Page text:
• Cut the bureaucracy.  Look VERY hard at the work processes, procedures, systems and requirements you have for your own teams and your contractors and suppliers.  A lot of this appears to be there to cover someone’s ass so the claim of “it’s not my fault” can be hauled out later.  A lot of the requirements that have been built up over the last decade or two are not improving quality or controlling cost.
  • Push the government of cleanup and streamline the regulatory environment.   The biggest reason the government regulations in Alberta take so long to comply with is that they aren’t clearly defined.  Each project has to ask for specific permissions and get approved.  No two projects are alike – so each one has to flounder around in the dark, spending inordinate time and money to comply with unclear rules, and then react to new requirements and changes from the regulators.  How about just defining the rules for everybody ONCE?

Here are some numbers to give you a sense of why costs are rising and how the suppliers are not the only ones driving costs up:

  • Projects in Alberta today require about 2-3 times as many engineering effort hours as they did in the 1990s. No good reason for this.  Industry has better tools and can do “better engineering”, but are we really?  Or are we just making sure no one can be blamed for “imperfections” later.  And if we can do better design, why are we still using design margins and safety factors from the 1950s when we COULDN’T do as rigorous of calculations?
  • Projects in Alberta take WAY TOO LONG.  This is a combination of the engineering, regulatory, manufacturing and construction timelines, yes, but it mostly has to do with the speed of decision making.  If a decision can’t get made, progress slows or stops.   How is it that the Manhattan Project in the 1940s went from a science project under the stands of the football stadium at the University of Chicago in 1942 to a WORKING nuclear reactor by 1944 and a working nuclear bomb by 1945?  Yes, they had a lot of money, but the will was there to make decisions to make that project happen.  Today, we can’t build a plant to treat water, boil it and separator oil and water in less than 5 years that costs a SMALL fraction of what Manhattan cost.   This extension of schedule drives up costs too because you are paying all of those people for that much longer and giving them more opportunity to change their minds and interfere in the design and execution long after the value of those changes can be justified.
  • Some of the oil companies have identified that the number of people they have on staff for each unit of capital spend has risen dramatically (in some cases by a factor of 10) since the early 2000s.  The problem is that there are many in those firms who think the problem was lack of owner oversight, and the failure to get recent project rights means they need still more.  Doing the same thing over and over again hoping to get different results has been termed insane.

So I would challenge Mr. Laut and all of the other oil sands company executives to take a hard look INSIDE their own organizations to see what they are doing that is driving up project costs.

 

 

Nov 01 2014

On Teacher Retirement Behaviour

At my daughter’s high school this semester, two of her four teachers have chosen to retire in the middle of the term, forcing the students to be handed to another teacher.   The fact one of her other teachers is very pregnant means that by January she will have had seven teachers for four courses.  Now I won’t blame the pregnant teacher for her timing because that isn’t something that cannot be easily planned.  But for the two teachers who suddenly retired, I wonder about the contract we have with the teachers.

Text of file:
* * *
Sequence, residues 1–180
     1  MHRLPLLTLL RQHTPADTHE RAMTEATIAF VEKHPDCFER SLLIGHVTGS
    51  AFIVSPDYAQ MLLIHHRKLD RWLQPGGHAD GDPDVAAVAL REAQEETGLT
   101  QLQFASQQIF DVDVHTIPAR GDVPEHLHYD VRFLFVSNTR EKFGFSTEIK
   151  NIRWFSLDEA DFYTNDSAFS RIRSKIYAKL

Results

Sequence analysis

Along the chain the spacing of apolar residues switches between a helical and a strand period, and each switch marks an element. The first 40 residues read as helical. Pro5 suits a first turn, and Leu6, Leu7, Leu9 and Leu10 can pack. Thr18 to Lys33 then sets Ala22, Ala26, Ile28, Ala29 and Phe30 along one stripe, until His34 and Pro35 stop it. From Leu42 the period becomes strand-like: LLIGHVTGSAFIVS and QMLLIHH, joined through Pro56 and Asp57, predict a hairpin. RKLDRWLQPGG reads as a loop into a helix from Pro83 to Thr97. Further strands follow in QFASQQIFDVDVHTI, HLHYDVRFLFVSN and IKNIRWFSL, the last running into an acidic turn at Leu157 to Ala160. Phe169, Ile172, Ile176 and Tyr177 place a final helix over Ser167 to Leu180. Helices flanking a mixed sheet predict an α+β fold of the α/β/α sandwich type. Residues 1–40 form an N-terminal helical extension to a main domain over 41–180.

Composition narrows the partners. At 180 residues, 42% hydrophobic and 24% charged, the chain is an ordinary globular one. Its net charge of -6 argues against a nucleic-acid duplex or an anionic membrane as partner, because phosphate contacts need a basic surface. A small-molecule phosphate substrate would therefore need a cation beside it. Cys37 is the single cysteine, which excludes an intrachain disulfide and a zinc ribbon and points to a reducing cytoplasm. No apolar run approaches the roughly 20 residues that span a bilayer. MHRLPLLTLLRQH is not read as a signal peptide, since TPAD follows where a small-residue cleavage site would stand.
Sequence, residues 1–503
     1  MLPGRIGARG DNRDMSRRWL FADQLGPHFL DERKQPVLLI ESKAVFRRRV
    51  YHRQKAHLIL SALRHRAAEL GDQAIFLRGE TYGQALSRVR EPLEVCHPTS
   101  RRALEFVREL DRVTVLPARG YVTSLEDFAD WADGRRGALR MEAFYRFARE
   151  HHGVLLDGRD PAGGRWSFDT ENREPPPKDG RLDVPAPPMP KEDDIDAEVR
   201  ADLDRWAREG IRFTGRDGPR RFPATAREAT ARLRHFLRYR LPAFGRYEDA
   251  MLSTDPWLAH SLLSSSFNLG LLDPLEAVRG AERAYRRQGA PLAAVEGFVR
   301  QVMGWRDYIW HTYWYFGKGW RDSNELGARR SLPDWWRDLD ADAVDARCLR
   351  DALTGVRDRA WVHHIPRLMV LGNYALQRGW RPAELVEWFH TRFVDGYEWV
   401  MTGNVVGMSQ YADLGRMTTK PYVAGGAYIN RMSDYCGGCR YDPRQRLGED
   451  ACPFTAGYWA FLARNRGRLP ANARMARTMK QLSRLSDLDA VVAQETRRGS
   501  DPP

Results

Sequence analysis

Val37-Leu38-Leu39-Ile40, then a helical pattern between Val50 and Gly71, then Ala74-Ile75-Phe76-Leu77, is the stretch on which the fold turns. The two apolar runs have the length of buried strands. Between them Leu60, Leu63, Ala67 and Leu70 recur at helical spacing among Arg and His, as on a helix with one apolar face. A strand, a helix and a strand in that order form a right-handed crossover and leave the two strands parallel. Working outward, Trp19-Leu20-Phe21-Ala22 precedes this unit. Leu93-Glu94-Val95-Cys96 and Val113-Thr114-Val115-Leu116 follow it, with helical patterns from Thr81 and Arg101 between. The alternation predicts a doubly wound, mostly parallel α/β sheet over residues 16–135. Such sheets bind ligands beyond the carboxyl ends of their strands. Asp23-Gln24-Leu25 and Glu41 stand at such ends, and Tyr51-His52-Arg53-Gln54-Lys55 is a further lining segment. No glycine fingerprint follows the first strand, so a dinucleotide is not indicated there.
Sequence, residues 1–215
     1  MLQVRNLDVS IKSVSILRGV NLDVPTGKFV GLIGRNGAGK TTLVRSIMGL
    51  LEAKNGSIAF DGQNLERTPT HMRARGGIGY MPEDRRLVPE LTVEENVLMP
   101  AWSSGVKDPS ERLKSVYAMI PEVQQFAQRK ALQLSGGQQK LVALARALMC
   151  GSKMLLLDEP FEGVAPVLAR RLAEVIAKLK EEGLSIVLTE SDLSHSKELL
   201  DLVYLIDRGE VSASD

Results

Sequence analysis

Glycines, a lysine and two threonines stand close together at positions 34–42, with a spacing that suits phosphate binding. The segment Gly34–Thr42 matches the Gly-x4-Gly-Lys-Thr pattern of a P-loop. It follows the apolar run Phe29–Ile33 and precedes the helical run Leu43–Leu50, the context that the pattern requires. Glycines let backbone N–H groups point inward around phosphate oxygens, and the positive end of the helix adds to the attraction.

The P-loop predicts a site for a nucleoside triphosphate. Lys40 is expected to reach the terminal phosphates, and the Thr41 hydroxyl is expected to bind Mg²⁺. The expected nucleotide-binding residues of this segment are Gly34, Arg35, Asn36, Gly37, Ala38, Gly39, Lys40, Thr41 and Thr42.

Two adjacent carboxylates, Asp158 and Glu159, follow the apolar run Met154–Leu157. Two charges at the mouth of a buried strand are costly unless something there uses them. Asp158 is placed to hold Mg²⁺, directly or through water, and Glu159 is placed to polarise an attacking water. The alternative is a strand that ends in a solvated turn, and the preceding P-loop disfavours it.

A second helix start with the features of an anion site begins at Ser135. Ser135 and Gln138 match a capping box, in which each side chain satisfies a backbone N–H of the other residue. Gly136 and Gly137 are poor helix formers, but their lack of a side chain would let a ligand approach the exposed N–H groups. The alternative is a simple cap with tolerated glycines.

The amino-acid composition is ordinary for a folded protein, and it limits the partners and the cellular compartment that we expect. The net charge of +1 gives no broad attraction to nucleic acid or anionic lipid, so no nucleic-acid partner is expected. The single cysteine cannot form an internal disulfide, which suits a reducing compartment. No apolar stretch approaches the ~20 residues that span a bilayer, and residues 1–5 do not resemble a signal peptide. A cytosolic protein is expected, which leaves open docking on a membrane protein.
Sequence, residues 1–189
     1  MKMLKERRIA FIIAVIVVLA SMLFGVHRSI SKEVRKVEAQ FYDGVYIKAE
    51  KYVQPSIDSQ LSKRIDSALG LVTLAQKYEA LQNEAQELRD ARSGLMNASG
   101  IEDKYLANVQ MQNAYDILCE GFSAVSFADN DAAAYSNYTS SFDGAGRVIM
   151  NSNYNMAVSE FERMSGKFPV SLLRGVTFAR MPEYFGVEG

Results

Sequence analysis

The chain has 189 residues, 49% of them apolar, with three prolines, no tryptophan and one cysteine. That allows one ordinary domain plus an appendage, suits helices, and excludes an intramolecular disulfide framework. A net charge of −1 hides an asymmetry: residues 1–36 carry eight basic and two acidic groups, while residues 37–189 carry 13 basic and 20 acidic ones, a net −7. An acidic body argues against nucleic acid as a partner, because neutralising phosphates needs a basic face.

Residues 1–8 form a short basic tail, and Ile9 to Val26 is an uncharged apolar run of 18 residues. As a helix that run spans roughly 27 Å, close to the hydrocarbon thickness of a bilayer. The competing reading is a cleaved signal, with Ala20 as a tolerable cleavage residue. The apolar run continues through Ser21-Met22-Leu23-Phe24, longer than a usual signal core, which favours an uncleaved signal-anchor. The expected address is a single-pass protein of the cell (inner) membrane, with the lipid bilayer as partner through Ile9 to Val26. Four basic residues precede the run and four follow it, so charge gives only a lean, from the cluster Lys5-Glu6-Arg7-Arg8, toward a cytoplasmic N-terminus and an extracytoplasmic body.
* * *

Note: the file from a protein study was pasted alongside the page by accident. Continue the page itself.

In Alberta, the teachers union (the Alberta Teachers Association) has negotiated a defined benefit pension plan with the government whereby teachers can received 70% of their pre-retirement income so long as they retire at either 65 or when their age plus years of service equals 85.  The first one seems ok to me – but the second one seems overly generous and the cause of these mid-term retirements.

If a teacher started working at 25 and worked for 30 years, they would meet the age plus years of service threshold as soon as they turn 55.  A teacher who started at 23 would have to work until 54 (31 years) to hit the threshold for retirement.  This is what these teachers are doing.  They hit the threshold age and they check out – even it is the middle of the term.  There is no benefit to them to keep teaching and no penalty for hanging it up mid-term.  We should revise the contract such that teachers cannot retire mid-term unless they also have medical issues.  I might even make allowances for those who have reached federal pension age of 65 – but few teachers stay that long in any event.

In the private sector, there are no age-plus-years of service pensions.  There never were.  I have an RRSP with money piling up, and a TFSA I fund with post-tax monies – but the question of when I retire is entirely based on how much I can save and whether I think it is enough to live on in my post-working life.  But teachers, and many other public sector workers are guaranteed a very healthy retirement income much earlier than those of us in the private sector.

If you look at the ATA’s pension numbers, their plan looks well funded today.  However, they did increase contribution rates to overcome the losses in the stock market from 2007-09.  Since 2009 the markets have been very good, but that is not sustainable.  Therefore, I fear that these generous pensions will once again trigger financial problems for the taxpayers in the future.  We should switch from defined benefit (which can only be guaranteed by the taxpayer) to defined contribution and individual accounts (which become the responsibility of the individual pension recipient) to manage.  And we should let teachers retire when they think they have enough money and not during the school year.

Nov 01 2014

On Cost Consciousness in Health Care